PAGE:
When some people say that they prefer to recover at home rather than in the hospital to avoid getting sicker than ever, they’re probably right. That’s because your expectations of a sterile room for new patients when you first come in may not be met. There are pathogens on the surfaces of the hospital room that are not easily removed even with the use of the strongest cleaning and disinfection techniques and chemicals. They are usually pathogens that cause healthcare-associated infections (HAIs).
HAIs are actually among the largest culprits in patient mortality and morbidity. These pathogens often come from the patient’s endogenous flora, although studies have estimated that around 20% to 40% of these HAIs are actually from the healthcare personnel’s contaminated hands as they got in contact with contaminated hospital surfaces or patients. Various researches have supported that environmental contamination does aid in the easy transfer of Vancomyn-resistant Enterococcus (VRE) and methicillin-resistant Staphylococcus aureus (MRSA) species, as well as the nosocomial transfer of Clostridium difficile, norovirus, and Acinetobacter spp.
These pathogens are hard to remove off surfaces and tend to stay alive for a long time. This could explain why hospitals seem to have become breeding grounds for HAIs, a place where patients were supposed to be recovering. The hospital pillows and beds are unknowingly sources of such infections.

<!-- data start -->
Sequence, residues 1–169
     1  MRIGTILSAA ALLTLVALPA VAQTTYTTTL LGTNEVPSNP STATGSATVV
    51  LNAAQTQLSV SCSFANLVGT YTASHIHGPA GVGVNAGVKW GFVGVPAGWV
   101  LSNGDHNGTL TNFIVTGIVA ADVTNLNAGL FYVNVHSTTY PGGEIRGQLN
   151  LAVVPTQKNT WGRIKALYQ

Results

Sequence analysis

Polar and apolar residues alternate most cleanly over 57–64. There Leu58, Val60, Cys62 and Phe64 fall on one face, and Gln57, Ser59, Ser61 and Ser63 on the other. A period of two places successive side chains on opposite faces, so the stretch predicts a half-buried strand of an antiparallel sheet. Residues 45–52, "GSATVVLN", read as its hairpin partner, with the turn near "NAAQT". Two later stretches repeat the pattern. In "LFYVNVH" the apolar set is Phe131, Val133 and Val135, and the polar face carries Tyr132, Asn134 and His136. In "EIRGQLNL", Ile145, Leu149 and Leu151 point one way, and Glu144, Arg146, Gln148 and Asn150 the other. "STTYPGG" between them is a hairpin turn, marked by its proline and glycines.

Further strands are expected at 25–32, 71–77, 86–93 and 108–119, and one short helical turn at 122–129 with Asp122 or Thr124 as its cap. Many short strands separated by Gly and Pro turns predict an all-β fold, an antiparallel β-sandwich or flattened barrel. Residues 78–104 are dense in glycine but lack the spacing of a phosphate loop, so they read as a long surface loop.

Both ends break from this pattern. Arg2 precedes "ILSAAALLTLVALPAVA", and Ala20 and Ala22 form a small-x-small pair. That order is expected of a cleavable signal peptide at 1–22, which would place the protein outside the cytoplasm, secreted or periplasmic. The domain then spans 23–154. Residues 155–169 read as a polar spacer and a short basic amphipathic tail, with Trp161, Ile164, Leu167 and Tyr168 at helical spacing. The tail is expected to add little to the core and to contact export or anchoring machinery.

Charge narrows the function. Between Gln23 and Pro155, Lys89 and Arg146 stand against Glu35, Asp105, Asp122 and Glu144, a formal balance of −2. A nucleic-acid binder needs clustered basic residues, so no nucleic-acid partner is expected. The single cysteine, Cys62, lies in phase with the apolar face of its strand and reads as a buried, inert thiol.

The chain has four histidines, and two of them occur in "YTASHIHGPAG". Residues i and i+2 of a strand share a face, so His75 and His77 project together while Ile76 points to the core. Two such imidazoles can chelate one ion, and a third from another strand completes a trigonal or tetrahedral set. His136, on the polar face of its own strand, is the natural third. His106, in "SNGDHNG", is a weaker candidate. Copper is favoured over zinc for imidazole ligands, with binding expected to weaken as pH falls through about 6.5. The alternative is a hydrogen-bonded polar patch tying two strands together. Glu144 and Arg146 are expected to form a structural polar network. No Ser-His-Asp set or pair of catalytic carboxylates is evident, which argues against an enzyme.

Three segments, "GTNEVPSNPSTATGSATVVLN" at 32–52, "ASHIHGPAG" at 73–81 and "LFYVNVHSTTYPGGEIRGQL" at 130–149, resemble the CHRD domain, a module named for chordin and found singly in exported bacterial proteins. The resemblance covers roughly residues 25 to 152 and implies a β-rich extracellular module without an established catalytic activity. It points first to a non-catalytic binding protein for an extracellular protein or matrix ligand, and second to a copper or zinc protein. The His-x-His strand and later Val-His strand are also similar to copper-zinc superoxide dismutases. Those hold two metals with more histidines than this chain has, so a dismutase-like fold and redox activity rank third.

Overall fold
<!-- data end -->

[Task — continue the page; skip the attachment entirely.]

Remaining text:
A study conducted by the Promise Hospital on their reusable vinyl covered pillows showed that these pillows were also covered in pathogenic bacteria. There were 38 out of 100 pillows that were contaminated with pathogens such as VRE, MRSA, Escherichia coli, yeast, Providencia stuartii, Klebsiella pneumonia, Coagulase-negative Staphylococci, Bacillus species, and Gram-positive Cocci and Diptheroids. Three of the 38 even had over three pathogens each and 15 of had over two pathogens each.
Cross-contamination does happen to hospital pillows, possibly due to the varying pillow condition, disinfection process, and the disinfectant used. The contamination may be passed on from the pillows to the patient, from the patient to the pillows, and from the pillows to the healthcare personnel. Uniform and rigorous processes should be outlined to effectively disinfect the hospital pillows and beds, as well as outbreak investigations. The Promise Hospital is now considering using barrier pillow covers with or without a layer of antimicrobial protection.
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